This is the core concept of The Centrist Manifesto and what Wheelan calls "The Big Idea". It is, in fact, a big idea because it is a third party strategy that can work.  Unlike the Presidency, Independents like Angus King can and do get elected to the Senate in the United States. The modest goal of electing a handful of Senators who will act as a swing vote to moderate and broker the legislative agenda for the federal government is reasonable.  Yes, It's still an extraordinarily difficult task. It still entails soliciting massive funding and creating all of the infrastructure of a national political party. It still entails convincing a significant voting block to organize around Centrist Party principles and identify as Centrist Party members. It still entails recruiting serious candidates of national stature to run under the Centrist Party banner.  It's still an extreme long shot.  But it could work.

Thursday, April 10, 2014

Dividist "10" - Senate Update
Angus King Edition

The Dividist "10" - Starring Angus King
With apologies to "10" and Angus King.  
Maine Independent Senator Angus King opened the door to potentially switching teams after the midterm results are in (H/T Doug Mataconis):
By Alexander Bolton 

Sen. Angus King (I-Maine), who caucuses with the Democrats, will decide after the midterm elections whether to switch sides and join the Republicans. He is leaving open the possibility of aligning himself with the GOP if control of the upper chamber changes hands.  “I’ll make my decision at the time based on what I think is best for Maine,” King told The Hill Wednesday after voting with Republicans to block the Paycheck Fairness Act, a measure at the center for the 2014 Democratic campaign agenda. King’s remarks are a clear indication that congressional leaders on both sides of the aisle will have to woo the 70-year-old senator in order to recruit him to their side.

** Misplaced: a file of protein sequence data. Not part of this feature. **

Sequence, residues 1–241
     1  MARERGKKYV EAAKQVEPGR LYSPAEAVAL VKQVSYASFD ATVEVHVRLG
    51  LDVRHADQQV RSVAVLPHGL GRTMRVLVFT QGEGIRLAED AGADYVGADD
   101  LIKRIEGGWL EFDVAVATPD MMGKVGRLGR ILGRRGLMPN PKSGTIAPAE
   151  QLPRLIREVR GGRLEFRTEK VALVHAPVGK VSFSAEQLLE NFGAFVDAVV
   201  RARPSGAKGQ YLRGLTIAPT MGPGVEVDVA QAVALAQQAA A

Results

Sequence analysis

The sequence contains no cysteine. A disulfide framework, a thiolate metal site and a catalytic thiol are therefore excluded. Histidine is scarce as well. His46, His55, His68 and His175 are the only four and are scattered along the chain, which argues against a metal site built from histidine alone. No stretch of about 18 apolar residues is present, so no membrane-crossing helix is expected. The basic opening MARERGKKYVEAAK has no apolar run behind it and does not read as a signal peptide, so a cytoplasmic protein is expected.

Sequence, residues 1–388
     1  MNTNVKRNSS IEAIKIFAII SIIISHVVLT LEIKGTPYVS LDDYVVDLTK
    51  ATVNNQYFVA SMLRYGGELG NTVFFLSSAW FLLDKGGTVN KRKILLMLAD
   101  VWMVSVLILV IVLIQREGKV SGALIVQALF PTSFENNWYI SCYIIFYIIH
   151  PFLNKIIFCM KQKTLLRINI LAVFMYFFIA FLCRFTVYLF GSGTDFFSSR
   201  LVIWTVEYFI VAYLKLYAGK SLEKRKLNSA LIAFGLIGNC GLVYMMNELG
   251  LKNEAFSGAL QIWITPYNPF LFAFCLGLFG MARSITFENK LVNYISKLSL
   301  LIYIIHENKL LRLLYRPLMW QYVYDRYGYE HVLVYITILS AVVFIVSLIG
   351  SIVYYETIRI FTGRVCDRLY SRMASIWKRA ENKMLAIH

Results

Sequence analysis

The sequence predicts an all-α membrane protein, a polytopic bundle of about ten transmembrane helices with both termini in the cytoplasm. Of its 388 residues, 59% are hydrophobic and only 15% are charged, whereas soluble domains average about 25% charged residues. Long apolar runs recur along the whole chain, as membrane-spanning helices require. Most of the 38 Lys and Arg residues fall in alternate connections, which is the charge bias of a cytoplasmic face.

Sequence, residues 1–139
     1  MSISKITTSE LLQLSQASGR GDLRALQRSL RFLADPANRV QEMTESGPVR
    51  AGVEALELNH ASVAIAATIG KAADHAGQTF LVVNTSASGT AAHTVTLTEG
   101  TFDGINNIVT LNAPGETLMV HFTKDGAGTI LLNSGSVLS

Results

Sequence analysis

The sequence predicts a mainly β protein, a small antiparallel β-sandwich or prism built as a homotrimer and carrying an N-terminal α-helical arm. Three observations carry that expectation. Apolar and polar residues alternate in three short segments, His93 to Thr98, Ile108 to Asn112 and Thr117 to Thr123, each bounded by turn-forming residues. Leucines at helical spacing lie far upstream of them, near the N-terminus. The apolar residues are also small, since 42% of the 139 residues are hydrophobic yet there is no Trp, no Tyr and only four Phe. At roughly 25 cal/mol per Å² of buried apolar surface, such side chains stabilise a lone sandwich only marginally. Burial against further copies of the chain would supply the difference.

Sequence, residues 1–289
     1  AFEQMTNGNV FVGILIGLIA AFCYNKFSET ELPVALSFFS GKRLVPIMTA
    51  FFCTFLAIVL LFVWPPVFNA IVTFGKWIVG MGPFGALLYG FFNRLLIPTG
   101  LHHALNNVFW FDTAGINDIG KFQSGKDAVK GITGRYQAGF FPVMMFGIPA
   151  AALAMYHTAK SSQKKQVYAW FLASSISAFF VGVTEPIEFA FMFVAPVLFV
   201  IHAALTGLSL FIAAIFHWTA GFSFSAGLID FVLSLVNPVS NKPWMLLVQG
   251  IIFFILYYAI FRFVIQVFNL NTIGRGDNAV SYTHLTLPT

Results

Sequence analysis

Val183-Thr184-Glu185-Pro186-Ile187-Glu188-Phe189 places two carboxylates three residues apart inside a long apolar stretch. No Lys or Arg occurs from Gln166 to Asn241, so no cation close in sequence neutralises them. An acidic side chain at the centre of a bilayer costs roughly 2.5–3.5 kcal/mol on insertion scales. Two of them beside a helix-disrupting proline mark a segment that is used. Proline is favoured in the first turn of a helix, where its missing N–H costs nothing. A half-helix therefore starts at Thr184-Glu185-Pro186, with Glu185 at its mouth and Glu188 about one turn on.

That lobbying battle could be especially intense if King’s decision determines which party will control the chamber in the next Congress  If Republicans pick up six seats this fall, they will be running the Senate in 2015. But a pickup of five would produce a 50-50 split and Democratic control, with Vice President Biden breaking the tie. King could tip the balance..."
Where have I read this before? Oh yeah. It was me:

Friday, April 04, 2014

Friday Flotsam - Divide (the government) And Conquer (the deficit) Edition

Time once again for the Dividist to stroll down our metaphorical beach and take note of the detritus that has washed ashore and cluttered this little island of rationality in the great big blogospheric ocean.

With the midterm election on the horizon, the looming reality of divided government continuing indefinitely into the future is beginning to sink in for partisans and independents alike.  While beachcombing, we stumbled across a few shiny bits of divided government flotsam we previously overlooked. Submitted for your reading enjoyment...

Wednesday, April 02, 2014

On the inevitability of divided government and the emergence of parliament envy.

The dawn of divided government.

Political pundits, columnists, bloggers and others of that ilk are coming to terms with the realization we will have divided federal government for the foreseeable future.